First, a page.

While the story is aimed at younger readership, it does relate, rather graphically, the birth of the Minotaur, with the language accommodating the story to a younger audience: Pasiphaë, as part of Poseidon’s punishment “lusted” for the white bull and “from this bizarre union between the queen and the beast, a ghastly creature was born.” P. 10.
Theseus arrives in Crete as the prince of Athens, and he is portrayed as a brave hero with whom Ariadne immediately falls in love. Although the book’s focus is the heroic act of Theseus, it cannot ignore his betrayal of Ariadne, even if it is not overly stressed: “when Ariadne awoke the following morning, she found herself alone. Theseus was no longer by her side. For reasons which are still unknown, the young Athenian had abandoned her.” The story of Theseus presents various challenges to children’s authors, especially to those who are interested in presenting Theseus as an impeccable hero. In this book, the author did not wish to emphasize Theseus’ wrong conduct and she chose to leave this matter obscured. The author provides a happy ending for Ariadne by including the Dionysian solution of the story and Ariadne becoming immortal, which also reduces the blame on Theseus.
The focus is on Theseus as hero and the author wishes to present his character positively. Therefore she deliberately does not include episodes which show Theseus in a bad light. This explains why the death of Aegeus (due to Theseus’ negligence to change his sails) is not mentioned in the narrative as well.
In the second narrative, that of Daedalus and Icarus, the author chooses a more didactic tone. It is emphasized that Icarus carelessly played with the wings, unaware of the future. This note is meant to amplify the drama of the coming tragedy.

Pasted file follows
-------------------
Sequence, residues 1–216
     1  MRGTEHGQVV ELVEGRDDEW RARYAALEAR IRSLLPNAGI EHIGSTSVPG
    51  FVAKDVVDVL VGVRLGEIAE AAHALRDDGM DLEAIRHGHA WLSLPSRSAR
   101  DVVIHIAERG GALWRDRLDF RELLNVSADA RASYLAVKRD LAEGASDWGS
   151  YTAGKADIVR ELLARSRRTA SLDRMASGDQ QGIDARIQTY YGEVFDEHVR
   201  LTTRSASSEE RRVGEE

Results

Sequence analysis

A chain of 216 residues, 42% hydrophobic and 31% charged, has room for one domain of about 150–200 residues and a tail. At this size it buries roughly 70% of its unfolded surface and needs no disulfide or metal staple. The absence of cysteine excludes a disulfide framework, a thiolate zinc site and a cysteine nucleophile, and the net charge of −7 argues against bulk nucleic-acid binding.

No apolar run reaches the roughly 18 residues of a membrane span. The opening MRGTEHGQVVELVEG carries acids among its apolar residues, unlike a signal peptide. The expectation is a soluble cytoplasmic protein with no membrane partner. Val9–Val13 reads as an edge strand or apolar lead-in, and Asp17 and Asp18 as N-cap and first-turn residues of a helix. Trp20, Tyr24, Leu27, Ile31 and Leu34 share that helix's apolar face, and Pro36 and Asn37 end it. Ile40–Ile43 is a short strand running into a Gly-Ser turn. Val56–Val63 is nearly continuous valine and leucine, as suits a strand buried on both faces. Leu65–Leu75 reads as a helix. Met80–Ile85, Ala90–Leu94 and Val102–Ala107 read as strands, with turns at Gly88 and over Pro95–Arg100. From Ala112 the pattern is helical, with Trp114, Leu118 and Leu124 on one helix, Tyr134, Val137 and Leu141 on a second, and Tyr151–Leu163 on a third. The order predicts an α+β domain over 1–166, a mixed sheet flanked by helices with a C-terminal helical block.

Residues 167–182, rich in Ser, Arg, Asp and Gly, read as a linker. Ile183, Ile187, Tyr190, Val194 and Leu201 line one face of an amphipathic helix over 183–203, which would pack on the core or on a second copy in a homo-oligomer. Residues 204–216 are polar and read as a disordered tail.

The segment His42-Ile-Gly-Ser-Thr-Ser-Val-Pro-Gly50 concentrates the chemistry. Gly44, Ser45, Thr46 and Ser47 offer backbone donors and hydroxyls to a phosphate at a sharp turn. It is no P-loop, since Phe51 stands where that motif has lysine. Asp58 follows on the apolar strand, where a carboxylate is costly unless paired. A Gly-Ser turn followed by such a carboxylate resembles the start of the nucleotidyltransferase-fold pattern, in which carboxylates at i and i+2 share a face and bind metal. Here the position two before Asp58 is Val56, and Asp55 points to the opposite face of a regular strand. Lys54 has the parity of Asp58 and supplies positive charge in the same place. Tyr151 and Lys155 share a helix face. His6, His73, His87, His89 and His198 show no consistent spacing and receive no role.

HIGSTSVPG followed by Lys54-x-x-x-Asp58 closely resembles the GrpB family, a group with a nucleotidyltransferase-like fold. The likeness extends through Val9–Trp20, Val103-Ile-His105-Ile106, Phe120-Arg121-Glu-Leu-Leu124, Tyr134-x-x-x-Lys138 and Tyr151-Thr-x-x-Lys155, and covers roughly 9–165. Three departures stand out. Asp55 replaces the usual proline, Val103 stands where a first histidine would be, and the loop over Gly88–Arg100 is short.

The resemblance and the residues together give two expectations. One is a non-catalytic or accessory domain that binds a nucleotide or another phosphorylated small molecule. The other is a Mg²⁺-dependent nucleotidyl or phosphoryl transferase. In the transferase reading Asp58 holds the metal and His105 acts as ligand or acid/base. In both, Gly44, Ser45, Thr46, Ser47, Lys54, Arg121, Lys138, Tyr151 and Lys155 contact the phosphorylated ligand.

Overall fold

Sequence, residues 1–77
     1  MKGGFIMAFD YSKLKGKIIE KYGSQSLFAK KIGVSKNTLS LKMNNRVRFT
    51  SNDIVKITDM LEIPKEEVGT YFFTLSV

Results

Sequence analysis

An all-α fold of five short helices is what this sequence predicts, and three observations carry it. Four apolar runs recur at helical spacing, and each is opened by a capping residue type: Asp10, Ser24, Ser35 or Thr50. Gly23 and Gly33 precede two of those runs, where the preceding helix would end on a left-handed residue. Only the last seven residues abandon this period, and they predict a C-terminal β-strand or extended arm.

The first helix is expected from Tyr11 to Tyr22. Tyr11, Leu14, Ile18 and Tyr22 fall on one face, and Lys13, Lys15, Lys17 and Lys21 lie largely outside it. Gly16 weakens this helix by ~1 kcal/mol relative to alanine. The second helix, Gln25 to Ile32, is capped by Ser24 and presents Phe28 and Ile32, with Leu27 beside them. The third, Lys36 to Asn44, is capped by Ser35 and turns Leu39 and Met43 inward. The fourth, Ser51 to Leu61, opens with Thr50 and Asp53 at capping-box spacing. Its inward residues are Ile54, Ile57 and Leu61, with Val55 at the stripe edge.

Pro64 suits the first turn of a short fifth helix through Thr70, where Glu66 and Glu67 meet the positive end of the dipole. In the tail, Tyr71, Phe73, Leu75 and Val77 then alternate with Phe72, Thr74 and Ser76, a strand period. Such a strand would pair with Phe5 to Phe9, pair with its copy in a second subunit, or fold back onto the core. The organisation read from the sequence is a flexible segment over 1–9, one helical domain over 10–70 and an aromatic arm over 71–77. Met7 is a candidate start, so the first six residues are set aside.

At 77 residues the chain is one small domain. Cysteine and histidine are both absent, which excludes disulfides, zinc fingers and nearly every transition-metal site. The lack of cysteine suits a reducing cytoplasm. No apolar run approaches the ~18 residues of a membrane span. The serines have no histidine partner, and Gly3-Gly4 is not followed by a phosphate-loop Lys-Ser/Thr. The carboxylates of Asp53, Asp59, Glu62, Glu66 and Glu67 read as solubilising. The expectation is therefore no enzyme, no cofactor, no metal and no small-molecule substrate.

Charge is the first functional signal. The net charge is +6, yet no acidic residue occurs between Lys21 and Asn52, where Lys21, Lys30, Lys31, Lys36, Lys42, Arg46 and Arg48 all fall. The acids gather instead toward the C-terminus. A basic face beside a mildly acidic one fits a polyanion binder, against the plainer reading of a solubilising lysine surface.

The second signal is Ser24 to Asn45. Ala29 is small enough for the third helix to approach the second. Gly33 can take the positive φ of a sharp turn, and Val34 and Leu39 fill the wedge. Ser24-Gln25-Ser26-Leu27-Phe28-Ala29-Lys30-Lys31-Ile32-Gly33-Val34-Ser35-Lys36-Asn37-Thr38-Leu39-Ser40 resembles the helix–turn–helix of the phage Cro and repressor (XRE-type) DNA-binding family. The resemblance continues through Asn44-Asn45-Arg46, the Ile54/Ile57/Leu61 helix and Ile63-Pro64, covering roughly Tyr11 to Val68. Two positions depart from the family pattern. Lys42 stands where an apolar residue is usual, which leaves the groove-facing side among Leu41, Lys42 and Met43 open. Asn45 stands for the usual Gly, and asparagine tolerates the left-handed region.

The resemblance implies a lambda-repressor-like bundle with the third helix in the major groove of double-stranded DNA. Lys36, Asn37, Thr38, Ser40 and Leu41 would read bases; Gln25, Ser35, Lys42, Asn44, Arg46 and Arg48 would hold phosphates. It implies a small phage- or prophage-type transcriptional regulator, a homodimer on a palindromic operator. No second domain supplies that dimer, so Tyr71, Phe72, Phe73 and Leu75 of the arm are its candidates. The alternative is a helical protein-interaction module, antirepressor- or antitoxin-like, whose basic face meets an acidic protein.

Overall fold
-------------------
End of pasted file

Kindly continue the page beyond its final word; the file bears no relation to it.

After Icarus falls, Daedalus curses his invention and buries his son on a small island. When he sits on the shore, lonely, a partridge approaches him and Daedalus asks it “why do you seem to mock my misfortune?” p. 46. Yet he then understands that this was his nephew, Acale, who came to remind Daedalus of his past horrid act. Unlike Theseus, Daedalus is presented as a flawed character. The difference between the two could be that Theseus is referred to as a hero and Daedalus as a vain creator. While the author tried to obscure the abandonment of Ariadne, she could not ignore the death of Icarus which forms the heart of the story.
However, even Daedalus finds forgiveness for his past crimes. In an ending remark, the author notes that a traveler once saw him living in peace far away. Daedalus was punished for taking a life (Acale) by losing his own son and thus he received a suitable punishment for his crime (although poor Icarus paid dearly for his father’s sin). This is a more somber story that the tale of Theseus, which seems a bit more like a fairy tale, and hence in one book the author offers two very different tales from Greek mythology, one more fantastic and heroic and the other dealing with pain, loss and vanity. These stories therefore show the richness of the Greek myth as relating different narratives. If this series is indeed aimed also at educators, then these two stories can be used by teachers to explain concepts of heroism and loss to their students.
Yet it was important for the author to finish the story of Daedalus with a suitable conclusion as well and perhaps allude to Christian concepts of forgiveness and acceptance. This ending provides a satisfying and optimistic conclusion, which leaves the young readers with a sense of closure and comfort.
English Version: Lesley and Enid Burgon